Lindow Man

Dr Sarah Glynn explores the mysterious death of the Lindow Man...
27 September 2009

Interview with 

Dr Sarah Glynn, the Great North Museum


Lindow ManNow the temporary exhibit that Steve McLean mentioned, the Lindow Man sounded fascinating.  So Meera Senthilingam met Dr Sarah Glynn, who's another Manager at the Museum, to find out the history behind this amazing exhibit.

Sarah -   Well, Lindow Man is Britain's most  important and most complete bog body.  He was found 25 years ago in Lindow Moss which is in Cheshire in Manchester.  And he was found by peat cutters who were cutting the peat in the Moss, originally he was found because one of the cutters was throwing something off the conveyor belt that they thought was just a log.  It turned out to be a leg.  The police, the archaeologists were all brought in, and Lindow Man was taken out in a full piece of peat and excavated in the lab in London.  He was a very heavily forensically researched.  We can tell loads about his final days, his final hours, how he died.  We know that he suffered three key injuries.  He has a blow to the head.  He has a garrotte or a sinew round his neck may have been used as a garrotte.  He also has a broken neck and he also has some potential stab wounds.

Meera -   That's quite a death.

Sarah Glenn -   Yeah, quite, quite a nasty way to go.  We know that the blow to the head didn't kill him because CT data shows that his brain had started to heal.  His head had swollen and bruised basically so he must been alive for enough hours for that to happen.  And the work eventually showed, that it was the fracture to the neck which was the fatal injury.  The interesting thing about Lindow Man is that we know already his detailed items about how he died.  What we don't know is why did he die?  Was it a ritual sacrifice?  Was he executed as an example to the community?  Or was he just a really unfortunate murder?

Meera -   So how would scientists go about finding that out?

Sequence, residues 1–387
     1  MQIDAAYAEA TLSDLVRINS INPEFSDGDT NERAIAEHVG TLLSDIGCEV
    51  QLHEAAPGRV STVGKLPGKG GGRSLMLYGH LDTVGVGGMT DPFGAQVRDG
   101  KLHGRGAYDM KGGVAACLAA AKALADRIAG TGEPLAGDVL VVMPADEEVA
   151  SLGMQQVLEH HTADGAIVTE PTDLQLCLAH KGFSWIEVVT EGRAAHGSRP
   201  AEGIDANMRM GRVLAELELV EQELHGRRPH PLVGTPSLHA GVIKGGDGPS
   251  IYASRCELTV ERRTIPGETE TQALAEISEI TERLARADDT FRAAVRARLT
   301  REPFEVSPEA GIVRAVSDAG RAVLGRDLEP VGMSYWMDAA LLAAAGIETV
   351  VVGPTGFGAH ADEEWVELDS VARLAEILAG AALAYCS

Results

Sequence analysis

Sarah -   Well, archaeologists and the forensic scientists still study Lindow Man up until the present day.  At around the time that Lindow Man died, there are quite a lot of bog bodies across Western Europe and often they have suffered three deaths as it were so similar to Lindow Mans three significant injuries and even things like swords that were thrown into bogs as offering to the gods.  They were sometimes killed three times so they might be bent three ways.  We don't know exactly what this all meant but it was clearly something quite significant.

Meera -   Yeah, it's a very interesting pattern.

Sarah -   And it's certainly, for me, the strongest argument for why is probably a ritual sacrifice but we can't be sure and we can never be sure because there are no written records from the time.  But what we do know is that Lindow Man was very well looked after physically.  So he has manicured fingernails, he has hair that has been cut into a very fetching mullet and he was probably about 25 years old.

Meera :  How are you using the exhibition here then to teach the people about Lindow Man and what the science involved in finding out about his demise and his life is about.

Sarah -   Well, this exhibition is all about as presenting the visitors with the evidence that we've got and asking them to make up their own minds about how he died. We've even got some cutting edge technology which was developed by Newcastle University's Culture lab department and which is a multi use of touch table and you can investigate in details some of the forensic data that was collected at the time: x-rays, CT scans.  You can even run simulations to see particular weapons in action so can decide for yourself what might have killed him. And really, because we don't know, we're throwing it open to our visitors to say here's the data, you decide.  You make your interpretation, which is just as valid as those of the archaeologist and the forensic scientists.

Meera - That's a nice touch to think that they could help contribute to a quite complex mystery.

Sarah -   We really want to involve our visitors in our exhibitions and particularly for this where we just don't know.  It's a wonderful way of doing it.


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